My son’s second grade class invited parents to join their music lesson the day they had a guest from a symphony orchestra.
As part of a unit on reading sheet music, the students had been assigned to write several measures of rhythm to perform for us.
The music teacher welcomed everyone and gave brief explanation of concepts like “notes” and “rests.” Then she displayed the students’ new piece for us all to see. The class played their piece using rhythm sticks while the guest trombonist performed a well-known overture using the same time signature. The students were amazed to hear the combination make beautiful music.
While the overall sound was impressive, rhythm sticks occasionally hit when they were supposed to “rest.” I couldn’t help but shift in my seat a little and think, “That wasn’t supposed to happen.” But this was an elementary music class – not the symphony orchestra. These moments were to be expected.
But stick-hits in place of rests affected the excellence of the work. A piece of music is not just a collection of notes; it’s a collection of notes and rests. The rests are crucial. And so it is with an effective work life.
The concepts of “work and rest balance” and “Sabbath” make me cringe. I’m a worker, an achiever, a go-go-go-getter. Rest does not come naturally. Over the years, folks have handed me books on rest, but I’ve not settled down long enough to read them. I’ve set reminder alarms so I’ll stop to rest, but I silence them without missing a beat. I lack an off switch to shut the system down.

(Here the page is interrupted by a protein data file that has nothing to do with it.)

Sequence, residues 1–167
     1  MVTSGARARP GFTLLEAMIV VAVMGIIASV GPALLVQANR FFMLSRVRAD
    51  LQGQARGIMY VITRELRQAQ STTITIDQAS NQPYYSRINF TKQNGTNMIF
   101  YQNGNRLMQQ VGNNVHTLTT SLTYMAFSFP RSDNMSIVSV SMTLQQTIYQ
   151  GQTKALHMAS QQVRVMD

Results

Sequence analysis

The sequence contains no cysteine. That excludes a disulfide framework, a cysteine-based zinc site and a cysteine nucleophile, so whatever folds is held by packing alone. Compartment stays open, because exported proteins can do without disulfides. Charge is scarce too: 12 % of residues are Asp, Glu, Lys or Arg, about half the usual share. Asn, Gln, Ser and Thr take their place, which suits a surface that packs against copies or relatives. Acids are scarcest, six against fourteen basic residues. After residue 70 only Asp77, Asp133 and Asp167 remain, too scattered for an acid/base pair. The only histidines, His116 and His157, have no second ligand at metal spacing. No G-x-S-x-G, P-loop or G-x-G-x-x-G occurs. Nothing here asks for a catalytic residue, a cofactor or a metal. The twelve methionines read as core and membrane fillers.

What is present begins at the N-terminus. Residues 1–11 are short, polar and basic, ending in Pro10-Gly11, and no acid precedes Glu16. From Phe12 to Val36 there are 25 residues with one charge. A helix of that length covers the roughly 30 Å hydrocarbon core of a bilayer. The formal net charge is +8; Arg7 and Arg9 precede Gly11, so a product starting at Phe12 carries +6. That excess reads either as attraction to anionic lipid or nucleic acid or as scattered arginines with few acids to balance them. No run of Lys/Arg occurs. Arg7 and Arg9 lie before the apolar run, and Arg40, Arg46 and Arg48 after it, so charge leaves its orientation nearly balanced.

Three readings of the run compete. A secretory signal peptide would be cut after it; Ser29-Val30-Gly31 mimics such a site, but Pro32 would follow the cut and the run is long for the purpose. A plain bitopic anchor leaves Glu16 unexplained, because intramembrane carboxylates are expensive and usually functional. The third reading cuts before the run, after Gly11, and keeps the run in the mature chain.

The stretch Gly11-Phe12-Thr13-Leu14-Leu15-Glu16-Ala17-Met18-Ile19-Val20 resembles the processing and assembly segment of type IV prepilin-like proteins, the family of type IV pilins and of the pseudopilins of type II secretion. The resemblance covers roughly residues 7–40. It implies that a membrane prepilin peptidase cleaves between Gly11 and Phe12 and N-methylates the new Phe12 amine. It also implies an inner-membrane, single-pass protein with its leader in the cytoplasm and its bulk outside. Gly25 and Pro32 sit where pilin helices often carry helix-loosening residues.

I hear the truth that we are called to do excellent work for God and we are called to a Sabbath, too, and I think, “I’ll nail the part about excellent work and when I’m done with that, I’ll tackle the part about Sabbath.”
But the rests – the Sabbaths – are just as much a part of the work as every note – every task, word, assignment, conversation, lesson, case, event, opportunity, project, duty, commitment, call, and deadline. It’s not the excellent work and the Sabbath. Sabbath rest is part of excellent work.
In the second graders’ piece, the rests were intended to be filled with silence or accompaniment. When the rests happened, we heard beautiful music. When the rests were skipped, the piece lost its way.
When I insist on working through rest, I’m messing with the excellent work. I’m adding my own improvisation, but improvisation works only with solos. It’s as though I’m telling God, “I’ve got this. I don’t need rest. I don’t need you. I can’t trust you to help me finish if I rest.”
Refusing to rest reflects a heart that believes I can’t afford to pause and recharge.
Refusing to rest reflects a heart that thinks it all depends on me.
Refusing to rest reflects a heart that acts as though there isn’t a Composer who authored this complete work – rests and all – nor an Accompanist who intends to partner with me in powerful symphony.
About the Author: Amy Leskowski launched the campus ministries at Western Michigan University and Grand Valley State University, was a team leader for eight years, and has been on staff for 15 years. She and her husband, Dennis, live with their three kids in Kalamazoo, Michigan.
A workaholics dramatic collapse lead to a fresh approach to life and ministry.
You’re approaching a crossroads moment in your life and don’t know which path is right for you.
We live in a harried, frenetic world. A discipline known as “The Daily Office” can offer people an opportunity to slow down to be with God and to hear from Him in the midst of our daily lives.
©1994-2020 Cru. All Rights Reserved.